Investors Scrutinizing the Regulators

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Mid-January 2008
Thow hangs over MFDA, Berkshire

By David Baines

One of the key questions in the case of Berkshire Investment Group Inc.’s supervision of rogue broker Ian Thow is: how did Berkshire reconcile Thow’s extravagant lifestyle with his relatively modest income as a branch manager? Much to the chagrin of his victims, that question remains unanswered.

In December, a Mutual Fund Dealers Association of Canada hearing panel ratified a settlement agreement in which Berkshire admitted it did not act diligently enough when it received two earlier complaints about Thow. That supervisory lapse gave Thow additional time to flog his bogus investment schemes, resulting in millions of dollars of additional losses for his victims. For these transgressions, Berkshire has agreed to pay a $500,00 fine and $50,000 in costs.

As has been well reported, Thow used his ill-gotten gains to finance a life of conspicuous consumption. He bought several jet planes and a waterfront home outside Victoria.

Thow incurred huge personal expenses, according to bankruptcy trustee Michael Cheevers of Vancouver. In the 30-month period from January 2003 to his resignation from Berkshire in June 2005, Thow charged about $2.7 million on his personal credit cards.

“Included in these figures are cash advances totalling $428,893, the majority of which were taken either in or close to casinos,” Cheevers has noted. During the same period, Thow spent $145,313 on dining, $826,079 on trips (mainly hotels), $100,546 on jewellery, $137,963 on clothing and $180,487 on furniture.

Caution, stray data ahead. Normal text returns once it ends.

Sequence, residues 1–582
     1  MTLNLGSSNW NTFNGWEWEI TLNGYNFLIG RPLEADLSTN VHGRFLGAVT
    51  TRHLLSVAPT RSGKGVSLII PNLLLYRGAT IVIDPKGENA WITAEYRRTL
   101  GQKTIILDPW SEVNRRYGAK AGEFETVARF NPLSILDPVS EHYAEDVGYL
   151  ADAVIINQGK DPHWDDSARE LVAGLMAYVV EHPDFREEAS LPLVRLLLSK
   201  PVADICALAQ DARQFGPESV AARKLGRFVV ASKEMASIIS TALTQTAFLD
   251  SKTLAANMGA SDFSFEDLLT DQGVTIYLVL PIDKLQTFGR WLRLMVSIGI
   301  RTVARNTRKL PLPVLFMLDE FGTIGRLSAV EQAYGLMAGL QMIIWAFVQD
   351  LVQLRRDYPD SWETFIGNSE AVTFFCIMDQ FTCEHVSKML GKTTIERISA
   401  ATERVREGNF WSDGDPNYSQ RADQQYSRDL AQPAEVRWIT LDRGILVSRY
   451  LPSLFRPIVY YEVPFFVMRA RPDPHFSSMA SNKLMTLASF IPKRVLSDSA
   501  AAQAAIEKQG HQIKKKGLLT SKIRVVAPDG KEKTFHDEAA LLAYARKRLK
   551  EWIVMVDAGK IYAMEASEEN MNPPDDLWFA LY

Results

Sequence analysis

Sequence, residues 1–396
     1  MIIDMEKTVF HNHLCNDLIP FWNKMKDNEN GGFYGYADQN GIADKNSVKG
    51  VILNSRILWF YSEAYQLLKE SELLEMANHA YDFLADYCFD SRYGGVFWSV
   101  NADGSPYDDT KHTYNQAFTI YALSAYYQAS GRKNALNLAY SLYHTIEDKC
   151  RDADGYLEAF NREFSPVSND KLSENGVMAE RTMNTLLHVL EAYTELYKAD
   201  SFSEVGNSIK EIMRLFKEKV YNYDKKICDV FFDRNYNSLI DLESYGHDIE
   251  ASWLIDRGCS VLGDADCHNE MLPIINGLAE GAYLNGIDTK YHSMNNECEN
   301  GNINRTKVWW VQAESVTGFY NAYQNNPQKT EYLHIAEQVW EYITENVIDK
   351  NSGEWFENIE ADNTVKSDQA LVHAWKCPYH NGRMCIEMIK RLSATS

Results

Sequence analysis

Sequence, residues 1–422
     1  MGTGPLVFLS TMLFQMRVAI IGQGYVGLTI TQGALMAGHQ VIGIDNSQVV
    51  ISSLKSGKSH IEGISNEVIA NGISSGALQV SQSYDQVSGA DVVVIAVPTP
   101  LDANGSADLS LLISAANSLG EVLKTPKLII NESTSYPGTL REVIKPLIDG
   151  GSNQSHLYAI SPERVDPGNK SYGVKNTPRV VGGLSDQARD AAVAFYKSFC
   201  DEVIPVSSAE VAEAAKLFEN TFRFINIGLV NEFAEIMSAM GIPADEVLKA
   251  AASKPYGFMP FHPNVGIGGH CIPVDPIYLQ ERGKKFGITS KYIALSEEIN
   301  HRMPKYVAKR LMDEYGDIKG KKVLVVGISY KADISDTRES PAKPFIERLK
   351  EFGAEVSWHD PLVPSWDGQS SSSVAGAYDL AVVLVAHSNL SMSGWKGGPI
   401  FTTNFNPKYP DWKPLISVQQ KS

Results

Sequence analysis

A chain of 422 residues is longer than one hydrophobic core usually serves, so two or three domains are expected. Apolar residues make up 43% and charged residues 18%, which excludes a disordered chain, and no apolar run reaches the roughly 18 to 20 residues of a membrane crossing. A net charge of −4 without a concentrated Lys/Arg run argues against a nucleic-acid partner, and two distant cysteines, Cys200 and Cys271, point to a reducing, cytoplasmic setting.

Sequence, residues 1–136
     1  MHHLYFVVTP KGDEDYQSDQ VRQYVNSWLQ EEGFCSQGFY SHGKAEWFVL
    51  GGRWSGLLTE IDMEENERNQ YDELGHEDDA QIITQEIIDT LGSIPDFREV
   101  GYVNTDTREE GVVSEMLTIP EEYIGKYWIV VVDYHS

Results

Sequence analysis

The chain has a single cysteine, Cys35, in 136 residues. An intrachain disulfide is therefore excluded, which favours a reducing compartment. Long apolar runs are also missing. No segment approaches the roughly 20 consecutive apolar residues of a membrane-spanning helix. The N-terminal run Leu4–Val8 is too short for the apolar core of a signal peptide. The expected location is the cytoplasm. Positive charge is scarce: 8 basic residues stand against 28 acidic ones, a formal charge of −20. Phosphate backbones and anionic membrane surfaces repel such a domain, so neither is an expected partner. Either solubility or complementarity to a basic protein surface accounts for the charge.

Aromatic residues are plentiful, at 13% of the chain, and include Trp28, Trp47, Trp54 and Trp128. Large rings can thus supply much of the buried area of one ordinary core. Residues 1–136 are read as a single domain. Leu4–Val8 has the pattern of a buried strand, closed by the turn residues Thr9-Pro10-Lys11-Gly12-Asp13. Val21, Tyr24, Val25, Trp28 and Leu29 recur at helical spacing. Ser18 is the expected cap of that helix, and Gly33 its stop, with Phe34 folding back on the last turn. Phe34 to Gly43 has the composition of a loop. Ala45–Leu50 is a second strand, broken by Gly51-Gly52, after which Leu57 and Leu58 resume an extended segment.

“How could Berkshire’s compliance people not know that something was going on?” wonders former client Brad Goodwin, whose family lost $1 million at Thow’s hands.

This was the elephant in the MFDA hearing room that everybody seemed to ignore. On Thow’s advice, many of his clients had liquidated their mutual fund accounts at Berkshire, incurring huge deferred service charges in the process. This large-scale liquidation of client accounts should have rung loud alarms at Berkshire.

Then those clients put their money into Thow’s investment schemes — or so they thought. In fact, Thow was taking the money and spending it on luxuries.

It was a profligate spending pattern that was abundantly obvious to everybody who came within his orbit, and this also should have rung alarms at Berkshire. Where was all this money coming from? The question, however, wasn’t raised by enforcement staff at the hearing or in the settlement agreement. It was as if it didn’t even exist.

In a later interview, MFDA enforcement director Shaun Devlin insisted that his staff reviewed the matter and found no supervisory breaches. He says Berkshire was aware that Thow had an outside business interest — selling block air time on his airplanes — and Berkshire had approved it as a “dual occupation.” Devlin also said this outside business had been reported to the B.C. Securities Commission, which had also approved it.

This begs the question: as part of its due-diligence process, did Berkshire review financial statements to make sure the plane business was generating the kind of profits required to support such an expensive lifestyle?

At that point, things get fuzzy. Instead of answering the question, Devlin gave more vague assurances that Berkshire did not commit any supervisory breaches.

It’s difficult to imagine that Berkshire made any serious inquiries. Otherwise, Thow would have been immediately exposed. But the point is, the public will never know for sure because this issue has not been publicly addressed. IE
 

see: 

Ian Thow takes flight